The team of thinkers that aimed to increase hope during times of uncertainty.
By Fiona Bauhofer, Emma Fuchs, Carlijn Stam & Maren Mundin.
The semester started during a time where you could still meet people. What a blessing! Carlijn, Fiona, Maren, and Emma found each other through their common interest in disasters and hope. Shortly after, the team and their coach realized that they are thinkers which means they love learning new things and understanding the know-how but applying the knowledge… not so much. This meant that the exploring phase was no problem; the team could research different problems and their causes extensively. Eventually, they had to realize that it’s not possible to solve disasters in a couple of months. Therefore, they focused on a new problem which is: Lack of hope during disaster-prone times. This topic shift opened a door to an important collaboration: The Hope Project.
Not long after deciding on a topic, the corona situation got more serious again. The university closed and meetings weren’t possible anymore; only online. As three of the team members are German, the team was split up as Emma and Maren decided to move back to Germany. This meant that from then onwards, team meetings and stakeholder meetings had to take place online. The team was determined to not let this break them and their motivation apart; team bonding still happened with online games such as GeoGuessr. Next to that, the team decided to meet with another Value Creator team bi-weekly and update each other on each other’s progress. This helped to stay in contact with more people experiencing the same difficulties.
Thankfully the team spirit stayed high and the pandemic did not stop them from contacting many different individuals and NGOs. The responses were surprisingly positive, and the team created a network of academics, NGOs, and projects giving them diverse perspectives on the topic. However, in between the team did feel lost; what kind of product can stimulate hope during a pandemic? It had to be online, that was sure. And how could the team let go of their “thinker” -side to create a valuable product? What stakeholder was that again? Is what we are working on enough?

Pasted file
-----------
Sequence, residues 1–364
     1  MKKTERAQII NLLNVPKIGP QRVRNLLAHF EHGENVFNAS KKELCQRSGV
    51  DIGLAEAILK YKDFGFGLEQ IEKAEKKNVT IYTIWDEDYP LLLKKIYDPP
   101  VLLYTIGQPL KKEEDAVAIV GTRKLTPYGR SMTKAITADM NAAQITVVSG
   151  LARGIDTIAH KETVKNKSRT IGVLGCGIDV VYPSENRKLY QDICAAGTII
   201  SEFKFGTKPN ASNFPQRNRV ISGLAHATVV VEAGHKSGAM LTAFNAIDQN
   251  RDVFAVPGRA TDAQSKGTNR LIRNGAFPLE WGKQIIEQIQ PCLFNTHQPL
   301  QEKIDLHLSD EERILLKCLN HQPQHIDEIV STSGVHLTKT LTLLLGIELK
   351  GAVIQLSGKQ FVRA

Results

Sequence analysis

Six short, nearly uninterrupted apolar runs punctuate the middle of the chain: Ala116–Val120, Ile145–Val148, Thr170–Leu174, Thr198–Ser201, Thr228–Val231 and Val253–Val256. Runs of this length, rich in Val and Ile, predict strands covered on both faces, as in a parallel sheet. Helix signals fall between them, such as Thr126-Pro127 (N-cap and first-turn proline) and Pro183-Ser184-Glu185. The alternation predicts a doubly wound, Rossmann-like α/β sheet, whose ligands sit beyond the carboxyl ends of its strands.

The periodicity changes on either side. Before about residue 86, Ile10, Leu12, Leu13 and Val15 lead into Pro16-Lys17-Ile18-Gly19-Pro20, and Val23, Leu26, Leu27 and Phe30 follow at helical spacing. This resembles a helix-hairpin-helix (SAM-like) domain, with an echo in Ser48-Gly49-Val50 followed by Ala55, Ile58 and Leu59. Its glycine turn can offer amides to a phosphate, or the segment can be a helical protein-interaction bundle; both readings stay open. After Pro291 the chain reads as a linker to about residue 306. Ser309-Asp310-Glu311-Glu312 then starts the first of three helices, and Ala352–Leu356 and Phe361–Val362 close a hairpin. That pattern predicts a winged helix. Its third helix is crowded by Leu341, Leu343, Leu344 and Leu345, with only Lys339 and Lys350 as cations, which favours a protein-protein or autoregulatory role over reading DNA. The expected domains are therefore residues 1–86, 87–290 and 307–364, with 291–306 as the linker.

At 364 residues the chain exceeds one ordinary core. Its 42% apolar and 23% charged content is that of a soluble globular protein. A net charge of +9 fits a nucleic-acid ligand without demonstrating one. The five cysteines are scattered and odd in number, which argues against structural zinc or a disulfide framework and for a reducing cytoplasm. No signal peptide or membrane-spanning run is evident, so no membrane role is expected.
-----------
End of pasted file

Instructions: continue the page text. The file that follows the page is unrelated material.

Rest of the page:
Eventually, the team decided to create a challenge that aims to increase hope in youth to build resilience for current and future disasters. This idea was inspired by the Geluksacademie who wanted to do something similar in Dutch. Using the input from academics, the Hope Project, and research on increasing hope, the team compiled daily challenges that students can easily take part in. The process was done with several feedback loops; each stakeholder received the draft/idea and could give feedback. Eventually, the team decided to have a focus group discussion with the main stakeholders: The Hope Project and the Geluksacademie. During that, the product was taken apart, as their feedback was very constructive and critical. Therefore, the team had to build up the product all over again.
What the team learned from this experience is that you have to keep adapting and embrace all the feedback given. Eventually, you must decide, however, how you want the product to look like and make sure that you communicate that with stakeholders. For future Value Creators: Communication is important! Keep your stakeholders up to date and involved in the progress so miscommunication is unlikely.
Not only open communication between the network and the team was important, but communication within the team was even more important. Especially, during such a difficult time.
To conclude, the team created a 10-day challenge which can be found here: https://prezi.com/view/fDKuOTOvjPKOEiWjiBML/
Overall, it was an interesting experience as the team created a value product for a target group of which they are also part of; youth who lost hope during a pandemic. The last semester was an unusual one, but each team member learned from this experience and the importance of embracing uncertainty.